Decca Radio Model 55
Shown above is the Decca Universal 55, which cost £9.9.0 in 1937. This receiver is a 4 valve plus rectifier plus barretter
receiver suitable for use on AC or DC mains.
The receiver is very compact, particularly for a pre-war set.
The front of the set is completely utilised by the rather attractive
elliptical tuning scale, which is protected by domed glass.
As a consequence the speaker is at the right hand side of the set.
The receiver is covered in figured rexine, and as well as the black
version shown, it was also available in blue and maroon.
The set features long, medium and short wave reception, as well as a gram
pick-up, rather surprising for a portable receiver.
However the reason for this becomes clearer when it is realised that the
same chassis was used in the model 66 receiver from Decca.
This was an upright table receiver that appeared in a veneered Walnut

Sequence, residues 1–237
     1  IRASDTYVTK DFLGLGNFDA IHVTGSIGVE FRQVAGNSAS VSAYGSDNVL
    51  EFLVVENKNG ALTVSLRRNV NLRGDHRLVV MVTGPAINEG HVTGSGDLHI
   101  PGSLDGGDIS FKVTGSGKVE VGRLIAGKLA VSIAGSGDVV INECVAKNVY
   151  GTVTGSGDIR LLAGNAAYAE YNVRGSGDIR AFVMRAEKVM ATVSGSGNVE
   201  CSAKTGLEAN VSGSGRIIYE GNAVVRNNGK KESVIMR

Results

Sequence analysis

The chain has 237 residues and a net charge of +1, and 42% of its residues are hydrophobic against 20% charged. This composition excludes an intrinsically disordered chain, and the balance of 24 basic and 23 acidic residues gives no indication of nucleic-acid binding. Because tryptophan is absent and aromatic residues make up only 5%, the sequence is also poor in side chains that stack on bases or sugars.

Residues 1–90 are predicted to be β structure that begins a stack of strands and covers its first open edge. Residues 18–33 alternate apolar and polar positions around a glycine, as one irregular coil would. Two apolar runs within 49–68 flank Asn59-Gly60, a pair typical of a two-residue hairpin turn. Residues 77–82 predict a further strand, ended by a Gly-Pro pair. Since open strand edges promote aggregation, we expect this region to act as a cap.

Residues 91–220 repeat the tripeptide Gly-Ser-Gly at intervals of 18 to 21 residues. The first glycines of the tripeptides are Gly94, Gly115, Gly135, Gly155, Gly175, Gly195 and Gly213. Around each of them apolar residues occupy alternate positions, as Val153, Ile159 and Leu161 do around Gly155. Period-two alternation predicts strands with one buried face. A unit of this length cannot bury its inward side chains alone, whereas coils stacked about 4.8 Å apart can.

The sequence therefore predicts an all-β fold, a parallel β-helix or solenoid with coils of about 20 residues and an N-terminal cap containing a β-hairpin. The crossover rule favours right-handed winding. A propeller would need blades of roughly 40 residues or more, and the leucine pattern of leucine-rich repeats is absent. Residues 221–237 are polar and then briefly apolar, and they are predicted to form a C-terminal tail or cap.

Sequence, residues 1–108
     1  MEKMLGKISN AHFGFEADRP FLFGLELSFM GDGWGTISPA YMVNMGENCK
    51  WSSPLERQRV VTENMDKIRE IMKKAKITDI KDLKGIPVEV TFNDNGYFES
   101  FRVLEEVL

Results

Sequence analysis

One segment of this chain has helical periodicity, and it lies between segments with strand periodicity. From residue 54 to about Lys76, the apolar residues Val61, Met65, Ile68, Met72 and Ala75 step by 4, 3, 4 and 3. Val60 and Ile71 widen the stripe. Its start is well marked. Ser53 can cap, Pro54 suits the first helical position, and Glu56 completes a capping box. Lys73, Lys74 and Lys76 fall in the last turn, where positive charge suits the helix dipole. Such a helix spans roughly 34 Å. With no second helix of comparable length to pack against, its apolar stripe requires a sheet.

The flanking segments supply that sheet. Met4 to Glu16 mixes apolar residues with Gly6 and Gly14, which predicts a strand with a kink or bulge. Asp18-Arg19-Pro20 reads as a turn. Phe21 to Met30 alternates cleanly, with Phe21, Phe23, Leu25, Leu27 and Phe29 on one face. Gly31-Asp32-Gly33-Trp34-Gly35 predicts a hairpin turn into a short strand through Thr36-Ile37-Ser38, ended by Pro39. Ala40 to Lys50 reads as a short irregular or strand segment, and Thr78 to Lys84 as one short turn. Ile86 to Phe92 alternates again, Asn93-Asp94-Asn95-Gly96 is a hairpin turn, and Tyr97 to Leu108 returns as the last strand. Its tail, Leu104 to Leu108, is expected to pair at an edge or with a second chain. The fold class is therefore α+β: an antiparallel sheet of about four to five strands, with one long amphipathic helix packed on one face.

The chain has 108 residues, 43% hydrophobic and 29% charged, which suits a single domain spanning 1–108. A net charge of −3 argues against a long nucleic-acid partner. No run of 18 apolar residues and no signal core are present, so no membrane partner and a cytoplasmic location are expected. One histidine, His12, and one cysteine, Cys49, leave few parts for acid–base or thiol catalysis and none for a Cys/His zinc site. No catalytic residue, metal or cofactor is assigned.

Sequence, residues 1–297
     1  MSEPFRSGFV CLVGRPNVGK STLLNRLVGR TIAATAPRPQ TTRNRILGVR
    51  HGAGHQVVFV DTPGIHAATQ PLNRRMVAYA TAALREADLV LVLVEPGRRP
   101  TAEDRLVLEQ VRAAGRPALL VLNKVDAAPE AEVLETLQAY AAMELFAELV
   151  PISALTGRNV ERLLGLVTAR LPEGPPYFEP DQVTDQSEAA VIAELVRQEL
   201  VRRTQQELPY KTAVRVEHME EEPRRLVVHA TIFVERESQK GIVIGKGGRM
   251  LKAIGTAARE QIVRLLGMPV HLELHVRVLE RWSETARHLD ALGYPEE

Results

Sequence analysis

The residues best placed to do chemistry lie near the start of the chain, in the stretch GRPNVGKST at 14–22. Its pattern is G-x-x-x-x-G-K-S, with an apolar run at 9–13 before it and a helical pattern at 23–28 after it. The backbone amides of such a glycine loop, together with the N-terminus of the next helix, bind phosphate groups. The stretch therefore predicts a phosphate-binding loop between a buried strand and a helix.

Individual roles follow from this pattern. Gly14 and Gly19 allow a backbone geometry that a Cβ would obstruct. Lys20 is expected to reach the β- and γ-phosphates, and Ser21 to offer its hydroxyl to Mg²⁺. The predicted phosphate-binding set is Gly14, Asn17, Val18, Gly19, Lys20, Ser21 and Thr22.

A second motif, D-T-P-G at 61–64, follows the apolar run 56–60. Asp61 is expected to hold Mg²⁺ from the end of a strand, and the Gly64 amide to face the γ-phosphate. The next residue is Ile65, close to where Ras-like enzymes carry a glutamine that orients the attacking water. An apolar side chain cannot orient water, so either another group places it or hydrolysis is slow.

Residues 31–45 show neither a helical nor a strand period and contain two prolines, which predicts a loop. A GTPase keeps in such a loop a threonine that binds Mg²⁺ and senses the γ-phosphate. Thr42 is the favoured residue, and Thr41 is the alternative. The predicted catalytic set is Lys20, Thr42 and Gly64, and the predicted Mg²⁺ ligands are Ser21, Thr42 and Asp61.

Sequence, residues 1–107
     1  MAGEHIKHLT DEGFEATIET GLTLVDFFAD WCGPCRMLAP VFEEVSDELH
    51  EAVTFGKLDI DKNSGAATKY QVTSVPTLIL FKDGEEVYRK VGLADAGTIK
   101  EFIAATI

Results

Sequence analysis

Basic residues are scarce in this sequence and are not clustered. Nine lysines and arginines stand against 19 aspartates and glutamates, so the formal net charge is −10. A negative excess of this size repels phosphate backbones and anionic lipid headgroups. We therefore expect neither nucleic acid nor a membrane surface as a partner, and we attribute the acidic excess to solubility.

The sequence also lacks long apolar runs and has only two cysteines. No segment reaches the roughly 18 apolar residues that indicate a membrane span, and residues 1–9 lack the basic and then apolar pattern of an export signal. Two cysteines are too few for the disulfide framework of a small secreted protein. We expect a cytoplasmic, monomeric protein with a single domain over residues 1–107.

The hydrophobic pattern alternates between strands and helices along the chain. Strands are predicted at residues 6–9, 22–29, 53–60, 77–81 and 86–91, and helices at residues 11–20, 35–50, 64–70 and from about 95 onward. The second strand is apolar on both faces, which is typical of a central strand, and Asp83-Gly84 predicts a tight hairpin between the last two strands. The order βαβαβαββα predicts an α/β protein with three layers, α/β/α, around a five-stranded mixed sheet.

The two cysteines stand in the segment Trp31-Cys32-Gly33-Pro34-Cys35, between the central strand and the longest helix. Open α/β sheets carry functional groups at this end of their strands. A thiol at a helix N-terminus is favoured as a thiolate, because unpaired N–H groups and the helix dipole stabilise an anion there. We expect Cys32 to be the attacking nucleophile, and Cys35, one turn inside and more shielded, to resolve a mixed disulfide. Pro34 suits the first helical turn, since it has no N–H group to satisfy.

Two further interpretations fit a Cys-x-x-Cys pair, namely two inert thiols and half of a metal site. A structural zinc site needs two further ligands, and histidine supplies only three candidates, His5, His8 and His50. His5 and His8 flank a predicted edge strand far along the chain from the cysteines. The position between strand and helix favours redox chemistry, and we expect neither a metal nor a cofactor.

cabinet, again with the oval tuning scale.
Although neither the 55 or 66 are common, I have seen more of the 55ís
over the years, so it presumably sold better than the table version of the set.
Buyers must have been keen for the option of portability as the portable
was only about 10% cheaper than the Walnut veneered table receiver.
When operated on AC mains HT current is provided by the UR1C rectifier, when operated on DC
mains current is regulated by the C1 barretter. The remaining valves have their heaterís wired in series.
There is also a 15w 240v lamp to illuminate the tuning scale, so as might
be imagined there is a lot of heat being generated inside the cabinet. Although
the sides and rear of the cabinet are made from thick fibre mesh, it is said
that many of the receivers succumbed to fire due to excessive heat build-up
inside the cabinet. Valve line-up
is TH2320, VP13C, 10D1, 7D6, UR1C, C1 Barretter. The Decca company first traded
in 1928, but never really made an impact in radio production before the war, though of course
they did rather better with their gramophones and records. Pre-war Decca
receivers rarely turn up these days, and because of the vulnerability of these
particularly desirable sets (either from damage to the exposed glass elliptical
tuning scale, or fire risk from overheating) they generally command a premium nowadays.
Continue to the Decca "Deccette"
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